She wanted to make some fabric button earrings that she'd seen on Pinterest, so that was the first project. Don't believe them when they say, "Just twist to remove the shank." After mangling a couple of button forms, we raided the dad's tool chest for his wire cutters.  Even those needed great exertion, but we finally had success.  So, just for your reference, the hardest part of this little project is removing the "button" part of the button form. Michelle's excited to stock up on some more little buttons so she can make more earrings. She might even be open to taking orders!
Then it was time to sew a couple of skirts. The original plan was for Michelle to actually do the sewing on this first one. In theory it should have been quite simple - just gather the fabric to the elastic waistband. However, she chose slinky material that needed to be lined.  Gathering two pieces of slippery fabric to the elastic wasn't quite so simple, but it turned out beautifully.
While staring at the rows and rows of quilting fabric, Michelle wondered why they didn't have any "modern" designs, particularly chevrons. So, she picked something else she liked. Then as we made our way to the cutting counter, we found the display of chevron fabric! It was hard narrowing down her choice to just one. However, now that we know how cute the skirt turned out, maybe we should go back and make one in every color of the rainbow!

Stay tuned to see what her plans for the "bird" fabric are.  In the meantime, here are some of the other things she's done after being inspired by Pinterest and/or our craft cupboard.

Fourth of July treats:
Simple laminated family pictures to send to Wyatt to use as a matching game:
She completed a few "after Christmas clearance" kits, made a couple of beaded necklaces, prepared candy scripture treats for her Primary class, and designed a small backpack/bag to take to the gym:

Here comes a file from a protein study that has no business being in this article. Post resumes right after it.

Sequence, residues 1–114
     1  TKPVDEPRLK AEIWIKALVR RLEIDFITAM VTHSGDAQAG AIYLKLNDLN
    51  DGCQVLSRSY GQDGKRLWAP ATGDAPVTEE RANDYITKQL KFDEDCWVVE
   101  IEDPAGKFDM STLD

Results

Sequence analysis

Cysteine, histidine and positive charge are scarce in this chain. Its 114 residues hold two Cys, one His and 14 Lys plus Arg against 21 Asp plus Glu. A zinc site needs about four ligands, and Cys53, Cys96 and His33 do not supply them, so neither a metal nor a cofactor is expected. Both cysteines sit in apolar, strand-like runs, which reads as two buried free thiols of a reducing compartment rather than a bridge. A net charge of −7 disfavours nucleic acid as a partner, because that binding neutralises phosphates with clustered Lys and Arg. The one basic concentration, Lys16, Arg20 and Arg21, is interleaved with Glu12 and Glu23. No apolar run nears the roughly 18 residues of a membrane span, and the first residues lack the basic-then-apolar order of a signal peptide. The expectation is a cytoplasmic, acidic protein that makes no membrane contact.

A few months ago we had a Relief Society meeting where we learned how to make knitted helmet liners to send to our military. First I had to be reminded how to knit. (I still prefer crocheting.) Then I had to buy the proper-sized knitting needles and acceptable yarn. Then I needed to remember to actually sit down and knit. However, the stars aligned, and on our drive to Orlando last Saturday I made great progress. A couple of movies on the television later, and the "hat" is complete. Michelle wanted to model it for you all, and it was very difficult taking a picture because she was doubled over in laughter and tears, but we succeeded. And now I know how to use circular and double-pointed knitting needles!
Finally, this isn't really a project, but this series of pictures was taken just before Wayne and Michelle started sanding the boards for our closet shelves. As he was changing into work clothes, he noticed the turtle in our backyard, and decided it would be fun to go say hi.
So, after playing with the turtle for a few minutes, they were off to the garage/workshop to make progress on what definitely could be considered a project. We hope you're all having fun with your projects!

Wednesday, July 17, 2013

Happy Birthday to Me!

Apparently my sister was waiting patiently for a birthday post on my birthday, and I never wrote one.  Sorry to disappoint you, but I want to make it up, so here are the pictures from our fun Fourth of July holiday.  We hope your Independence Day was just as much fun!
The day started with a yummy breakfast fritatta. Michelle's turning out to be a great cook!
Then off we went to the next county park on the list.
It was an absolutely gorgeous day, and the park itself was pretty nice, too.
We gave the "heart" trail a try, some more diligently than others.
We never could figure out the point of this apparatus; it said something about jumping over and climbing under.  Anyone know what it's supposed to be used for?
We learned Michelle needed to be taught how to do a proper push-up.
And we were serenaded by this random saxaphone player while she learned.
Doesn't it just look serene?
We decided to just look at the roller hockey rink and racquetball courts, but after lunch we got out the tennis equipment and taught Fay how to play.
In the afternoon we talked with all of the kids, and even got to Skype with a couple of them.  Here's two-week old Dallin showing how strong his legs are. (He was pushing against David's hand.)
Michelle and Fay made a gorgeous birthday cake.

Wednesday, July 3, 2013